UPDATED 8/7/22 evening with note on transliteration and link to epilogue
Three challenging Bible passages come together in the Jewish calendar in the next two days:
- Devarim (Deut 1:1-3:12), the first portion in the Book of Deuteronomy (Deut 1:1-3:12);
- Isaiah 1:1-27, the prophetic reading which gives this Shabbat it’s special name, “Shabbat of Vision,” or Shabbat Chazon; and
- Eikha, the Book of Lamentations, read on Tisha B’av.
In some years, there are several days between Shabbat Chazon and Tisha B’av — offering a chance for us to take the admonitions to heart before entering into the deepest day of mourning the Jewish calendar and then beginning the slow climb toward the new year. Some years, like this one, leave no space between that last Shabbat of Affliction (or Admonition) and Tisha B’av. So we’re about to enter a complicated couple of days.
Historical and Literary Context
A bit of history is useful for viewing the confluence of readings for Shabbat Chazon and Tisha B’av:
- Eikha/Lamentations is probably, current scholarship says, from the middle of the 6th Century BCE, although some parts may be older; the book as a whole is traditionally ascribed to the prophet Jeremiah (c. 650-570 BCE).
- Jeremiah was active at the time of King Josiah (c.640-609 BCE), from the 13th year of the young king’s reign through Exile and the destruction of the First Temple. Substantial portions of the Book of Deuteronomy are also linked with King Josiah’s era.
- The prophet Isaiah lived a century earlier, with the year 733 BCE a prominent date for his vision… which led him to criticize focus on ritual when what is required is tending to those in need:
Your new moons and your appointed seasons My soul hates…
Your hands are full of blood (stained with crime).
…Seek justice, relieve the oppressed….
How [Eikha] is the faithful city…once full of justice,
righteousness lodged in her, but now murderers!
–Isa 1:14-17, 1:21
That mournful cry, beginning with the word “Eikha” in Isaiah 1:21, is echoed in both Deuteronomy and the book of that name.
For the record, “eikha” appears only the once in Isaiah, four times in Eikha, and five times in Deuteronomy, plus twice in Jeremiah and once each in four other books of Tanakh. (See handout, “Eikha and Chazon,” below).
Isaiah’s vision prompts us to consider any number of collective crimes. The compressed time period of Shabbat followed immediately by the day of mourning makes it difficult to process or respond. But Isaiah doesn’t just leave us with blood on our hands; he suggests a way forward:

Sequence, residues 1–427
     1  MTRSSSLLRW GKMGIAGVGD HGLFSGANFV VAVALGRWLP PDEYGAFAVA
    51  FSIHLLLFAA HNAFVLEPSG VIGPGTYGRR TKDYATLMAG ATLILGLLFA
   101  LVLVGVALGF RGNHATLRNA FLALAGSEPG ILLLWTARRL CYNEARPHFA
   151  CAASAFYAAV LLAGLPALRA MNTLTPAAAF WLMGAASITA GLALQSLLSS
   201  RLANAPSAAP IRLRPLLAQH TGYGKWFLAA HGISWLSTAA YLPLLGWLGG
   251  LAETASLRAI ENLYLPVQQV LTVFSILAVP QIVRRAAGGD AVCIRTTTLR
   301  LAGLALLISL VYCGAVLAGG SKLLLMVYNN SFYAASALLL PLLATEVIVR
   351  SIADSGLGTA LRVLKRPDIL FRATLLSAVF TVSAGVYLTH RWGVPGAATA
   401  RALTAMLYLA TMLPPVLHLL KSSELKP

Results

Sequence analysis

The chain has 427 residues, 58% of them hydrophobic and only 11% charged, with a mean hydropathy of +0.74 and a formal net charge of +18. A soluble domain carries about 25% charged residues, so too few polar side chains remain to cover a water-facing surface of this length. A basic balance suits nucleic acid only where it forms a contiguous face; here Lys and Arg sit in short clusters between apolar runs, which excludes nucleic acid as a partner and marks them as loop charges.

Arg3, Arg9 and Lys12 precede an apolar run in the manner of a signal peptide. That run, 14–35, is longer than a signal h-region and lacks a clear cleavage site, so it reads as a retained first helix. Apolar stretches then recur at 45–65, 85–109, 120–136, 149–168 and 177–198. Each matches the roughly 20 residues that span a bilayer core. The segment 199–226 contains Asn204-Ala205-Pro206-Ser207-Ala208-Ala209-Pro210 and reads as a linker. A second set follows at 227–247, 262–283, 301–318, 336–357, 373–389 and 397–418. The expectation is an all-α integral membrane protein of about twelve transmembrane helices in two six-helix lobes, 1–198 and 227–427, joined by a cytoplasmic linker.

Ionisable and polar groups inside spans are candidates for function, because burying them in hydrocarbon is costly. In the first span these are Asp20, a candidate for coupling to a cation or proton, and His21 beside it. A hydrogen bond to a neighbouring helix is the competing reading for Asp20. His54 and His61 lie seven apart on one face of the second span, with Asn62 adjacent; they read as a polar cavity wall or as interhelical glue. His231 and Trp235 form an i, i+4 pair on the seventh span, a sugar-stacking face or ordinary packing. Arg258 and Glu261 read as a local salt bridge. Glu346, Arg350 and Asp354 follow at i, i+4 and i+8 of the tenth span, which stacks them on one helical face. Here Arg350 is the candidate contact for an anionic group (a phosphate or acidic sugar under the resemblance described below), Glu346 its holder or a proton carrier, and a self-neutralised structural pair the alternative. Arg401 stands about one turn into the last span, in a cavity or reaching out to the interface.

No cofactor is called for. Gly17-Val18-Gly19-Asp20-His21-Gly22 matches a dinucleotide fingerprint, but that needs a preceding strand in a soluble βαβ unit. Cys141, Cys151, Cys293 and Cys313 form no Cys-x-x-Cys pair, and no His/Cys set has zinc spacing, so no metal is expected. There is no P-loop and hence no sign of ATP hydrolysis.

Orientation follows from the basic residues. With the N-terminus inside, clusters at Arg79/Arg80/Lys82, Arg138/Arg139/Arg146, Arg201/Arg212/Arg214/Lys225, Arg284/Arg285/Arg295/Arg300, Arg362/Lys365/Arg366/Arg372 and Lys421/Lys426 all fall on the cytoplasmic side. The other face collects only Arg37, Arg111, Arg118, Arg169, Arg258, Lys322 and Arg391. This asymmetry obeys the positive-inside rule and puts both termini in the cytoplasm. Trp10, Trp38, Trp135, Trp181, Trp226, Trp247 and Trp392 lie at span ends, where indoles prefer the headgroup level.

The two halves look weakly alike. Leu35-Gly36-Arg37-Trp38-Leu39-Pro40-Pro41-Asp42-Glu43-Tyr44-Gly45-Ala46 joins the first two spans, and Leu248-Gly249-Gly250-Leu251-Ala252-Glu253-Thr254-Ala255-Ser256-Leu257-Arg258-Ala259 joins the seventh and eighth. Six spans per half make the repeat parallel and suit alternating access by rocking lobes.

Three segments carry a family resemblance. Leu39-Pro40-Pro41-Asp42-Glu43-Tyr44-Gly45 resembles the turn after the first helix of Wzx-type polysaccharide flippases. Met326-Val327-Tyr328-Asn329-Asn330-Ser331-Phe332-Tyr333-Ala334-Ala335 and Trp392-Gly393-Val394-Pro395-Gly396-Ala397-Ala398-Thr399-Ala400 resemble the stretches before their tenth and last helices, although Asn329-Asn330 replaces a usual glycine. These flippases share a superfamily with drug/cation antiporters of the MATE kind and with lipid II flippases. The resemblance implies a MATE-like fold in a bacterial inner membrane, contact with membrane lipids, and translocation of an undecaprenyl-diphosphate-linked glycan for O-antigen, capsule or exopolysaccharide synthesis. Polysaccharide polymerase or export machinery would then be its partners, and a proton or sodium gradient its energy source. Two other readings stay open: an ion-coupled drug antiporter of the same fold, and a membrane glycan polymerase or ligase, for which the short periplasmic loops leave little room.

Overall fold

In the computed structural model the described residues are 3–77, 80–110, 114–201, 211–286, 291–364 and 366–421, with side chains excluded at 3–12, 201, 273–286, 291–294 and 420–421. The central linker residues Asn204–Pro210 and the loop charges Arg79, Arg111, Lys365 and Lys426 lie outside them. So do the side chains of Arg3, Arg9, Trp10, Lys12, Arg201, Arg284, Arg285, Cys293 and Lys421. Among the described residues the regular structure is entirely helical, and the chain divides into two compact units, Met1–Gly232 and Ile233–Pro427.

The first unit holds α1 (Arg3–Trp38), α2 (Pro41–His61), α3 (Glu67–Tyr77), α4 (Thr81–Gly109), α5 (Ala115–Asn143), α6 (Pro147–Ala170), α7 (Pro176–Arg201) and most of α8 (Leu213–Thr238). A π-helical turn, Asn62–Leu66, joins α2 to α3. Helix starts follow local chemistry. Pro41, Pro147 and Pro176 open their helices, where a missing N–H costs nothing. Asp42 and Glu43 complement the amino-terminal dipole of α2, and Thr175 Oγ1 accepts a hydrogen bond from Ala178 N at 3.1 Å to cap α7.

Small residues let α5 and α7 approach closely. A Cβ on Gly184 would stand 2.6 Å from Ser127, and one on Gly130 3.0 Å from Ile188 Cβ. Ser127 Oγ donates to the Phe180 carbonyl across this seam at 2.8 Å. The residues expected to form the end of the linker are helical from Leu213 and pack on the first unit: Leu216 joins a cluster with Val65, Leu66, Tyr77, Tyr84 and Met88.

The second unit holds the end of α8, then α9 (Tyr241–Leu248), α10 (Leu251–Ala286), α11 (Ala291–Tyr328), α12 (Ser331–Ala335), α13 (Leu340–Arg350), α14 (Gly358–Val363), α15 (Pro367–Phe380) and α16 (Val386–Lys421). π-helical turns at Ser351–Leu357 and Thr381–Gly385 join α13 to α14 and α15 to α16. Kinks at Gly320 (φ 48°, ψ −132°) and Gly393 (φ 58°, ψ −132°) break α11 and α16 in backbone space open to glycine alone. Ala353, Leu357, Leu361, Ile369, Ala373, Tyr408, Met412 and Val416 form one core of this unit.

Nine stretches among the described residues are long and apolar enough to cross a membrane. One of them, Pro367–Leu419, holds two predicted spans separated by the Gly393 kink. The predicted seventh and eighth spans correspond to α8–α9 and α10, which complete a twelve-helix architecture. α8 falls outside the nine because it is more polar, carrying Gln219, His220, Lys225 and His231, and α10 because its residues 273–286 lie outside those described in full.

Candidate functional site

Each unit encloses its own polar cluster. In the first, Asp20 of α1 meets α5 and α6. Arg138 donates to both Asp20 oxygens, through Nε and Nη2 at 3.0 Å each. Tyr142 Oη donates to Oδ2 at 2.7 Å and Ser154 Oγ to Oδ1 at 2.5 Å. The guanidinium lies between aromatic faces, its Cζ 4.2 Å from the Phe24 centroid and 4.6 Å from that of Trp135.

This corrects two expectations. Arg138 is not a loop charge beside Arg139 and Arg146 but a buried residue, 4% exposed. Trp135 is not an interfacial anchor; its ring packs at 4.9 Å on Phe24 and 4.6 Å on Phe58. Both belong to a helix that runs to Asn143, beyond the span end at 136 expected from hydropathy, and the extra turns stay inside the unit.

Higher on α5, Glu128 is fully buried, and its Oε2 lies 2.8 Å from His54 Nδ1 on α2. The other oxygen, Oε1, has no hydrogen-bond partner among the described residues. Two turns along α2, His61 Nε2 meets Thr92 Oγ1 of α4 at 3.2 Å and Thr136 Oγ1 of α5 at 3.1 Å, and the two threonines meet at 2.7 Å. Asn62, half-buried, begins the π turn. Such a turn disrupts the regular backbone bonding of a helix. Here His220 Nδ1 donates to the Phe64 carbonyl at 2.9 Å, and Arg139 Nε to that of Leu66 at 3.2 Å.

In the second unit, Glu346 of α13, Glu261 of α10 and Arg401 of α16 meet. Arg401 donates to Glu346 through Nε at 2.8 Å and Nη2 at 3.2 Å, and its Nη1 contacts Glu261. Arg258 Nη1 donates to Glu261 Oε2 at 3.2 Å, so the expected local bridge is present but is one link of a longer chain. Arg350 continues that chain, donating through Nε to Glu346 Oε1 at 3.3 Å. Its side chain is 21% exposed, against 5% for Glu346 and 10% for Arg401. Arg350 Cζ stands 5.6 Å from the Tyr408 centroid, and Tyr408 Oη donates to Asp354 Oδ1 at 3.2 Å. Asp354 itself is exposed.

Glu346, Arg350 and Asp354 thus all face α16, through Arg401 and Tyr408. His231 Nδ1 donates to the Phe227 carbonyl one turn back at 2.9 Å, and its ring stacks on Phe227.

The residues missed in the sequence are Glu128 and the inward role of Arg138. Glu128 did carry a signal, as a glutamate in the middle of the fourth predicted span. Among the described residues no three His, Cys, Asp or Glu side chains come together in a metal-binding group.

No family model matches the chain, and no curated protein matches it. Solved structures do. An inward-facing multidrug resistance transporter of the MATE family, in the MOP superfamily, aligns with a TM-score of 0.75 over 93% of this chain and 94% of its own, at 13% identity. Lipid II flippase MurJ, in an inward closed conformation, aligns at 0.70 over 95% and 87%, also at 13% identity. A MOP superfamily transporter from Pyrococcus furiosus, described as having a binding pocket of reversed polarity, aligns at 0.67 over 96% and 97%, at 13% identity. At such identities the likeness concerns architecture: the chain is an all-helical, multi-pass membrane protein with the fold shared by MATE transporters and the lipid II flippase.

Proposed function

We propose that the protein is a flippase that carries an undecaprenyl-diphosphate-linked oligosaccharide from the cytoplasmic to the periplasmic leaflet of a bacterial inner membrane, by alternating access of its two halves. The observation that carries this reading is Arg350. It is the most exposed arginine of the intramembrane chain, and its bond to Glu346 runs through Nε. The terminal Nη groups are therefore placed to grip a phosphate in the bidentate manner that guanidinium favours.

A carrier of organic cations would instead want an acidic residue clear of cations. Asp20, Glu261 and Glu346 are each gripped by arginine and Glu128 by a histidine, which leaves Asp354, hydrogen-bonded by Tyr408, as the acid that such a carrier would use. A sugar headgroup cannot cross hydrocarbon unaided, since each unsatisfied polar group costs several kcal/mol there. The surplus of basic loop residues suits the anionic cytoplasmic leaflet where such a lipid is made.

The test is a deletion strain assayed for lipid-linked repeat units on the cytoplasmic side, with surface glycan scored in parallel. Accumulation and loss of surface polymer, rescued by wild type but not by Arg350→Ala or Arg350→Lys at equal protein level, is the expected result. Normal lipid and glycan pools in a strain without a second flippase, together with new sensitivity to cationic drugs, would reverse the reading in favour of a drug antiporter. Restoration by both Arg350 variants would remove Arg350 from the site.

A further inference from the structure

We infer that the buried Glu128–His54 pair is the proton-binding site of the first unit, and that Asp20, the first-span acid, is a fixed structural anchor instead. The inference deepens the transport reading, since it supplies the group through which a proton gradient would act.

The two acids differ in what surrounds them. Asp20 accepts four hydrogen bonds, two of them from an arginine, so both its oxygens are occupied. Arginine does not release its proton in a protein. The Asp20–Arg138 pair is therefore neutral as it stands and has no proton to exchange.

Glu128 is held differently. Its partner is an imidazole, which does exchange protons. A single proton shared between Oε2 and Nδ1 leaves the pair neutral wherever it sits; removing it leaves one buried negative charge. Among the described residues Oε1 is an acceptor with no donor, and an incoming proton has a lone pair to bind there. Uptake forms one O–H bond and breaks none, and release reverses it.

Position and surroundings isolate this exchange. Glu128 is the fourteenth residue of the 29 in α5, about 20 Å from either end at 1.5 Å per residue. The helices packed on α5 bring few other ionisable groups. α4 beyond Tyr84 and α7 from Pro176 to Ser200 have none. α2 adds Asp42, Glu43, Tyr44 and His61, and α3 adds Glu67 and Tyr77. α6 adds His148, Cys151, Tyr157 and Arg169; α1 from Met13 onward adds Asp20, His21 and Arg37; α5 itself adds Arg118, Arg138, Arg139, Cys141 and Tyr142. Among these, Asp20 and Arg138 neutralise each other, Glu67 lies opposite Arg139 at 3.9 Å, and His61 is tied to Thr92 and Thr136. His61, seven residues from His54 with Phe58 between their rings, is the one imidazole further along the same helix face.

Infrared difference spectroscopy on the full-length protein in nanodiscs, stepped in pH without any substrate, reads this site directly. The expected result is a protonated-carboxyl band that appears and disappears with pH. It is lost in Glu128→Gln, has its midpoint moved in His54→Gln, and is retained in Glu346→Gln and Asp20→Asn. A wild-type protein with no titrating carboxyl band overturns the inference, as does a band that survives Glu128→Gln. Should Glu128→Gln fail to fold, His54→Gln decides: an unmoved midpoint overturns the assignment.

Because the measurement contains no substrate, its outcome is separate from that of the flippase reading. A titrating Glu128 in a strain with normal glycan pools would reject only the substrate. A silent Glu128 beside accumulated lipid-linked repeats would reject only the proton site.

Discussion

Learn to do good.Isaiah 1:17 (see “Isaiah page one” handout, also below)
Devote yourselves to justice;
Aid the wronged.
Uphold the rights of the orphan;
Defend the cause of the widow.
We can read this message as a simple “do better.” And, of course, that is what we are being told to do. But we must also heed that first commandment: Learn.
For nearly 3000 years, Isaiah has railing at us that we have blood on our hands. And for just as long, the prophet has been telling us that the first step — before trying to undertake the work of justice, provide aid, uphold anyone’s rights, or defend the most vulnerable — is to learn.
We can inform ourselves about the problems and issues. We can listen to the voices of those most affected by crimes in which we have participated, however inadvertently. We can get to know what solutions others are already working to implement. We can learn more about Jewish history, practice, and philosophy to shore up our ability to respond Jewishly — and/or steep ourselves in other traditions that inspire us.
For nearly 3000 years, Jewish tradition has been calling us to do better by learning better.
TRANSLITERATION NOTE: The Hebrew word ” איכה ” is pretty commonly transliterated “eicha” (and this blog often used that spelling in the past); eikha is used here, though, in an effort to make clear the distinction between the chet of “[חזון] chazon” and the khaf of “eikha.”
Handout for Hill Havurah, six-page-PDF includes both “Eicha and Chazon” (5 pages) and “Isaiah page one” (1 page) in one document. Also below: separate pieces.
Eicha and Chazon (five-page-PDF, originally prepared for Temple Micah in 2019 and re-shared with Hill Havurah and Tzedek Chicago in 2022) —
Isaiah page one — (one-page-PDF) three translations for Isa 1:15-18 and some definitions.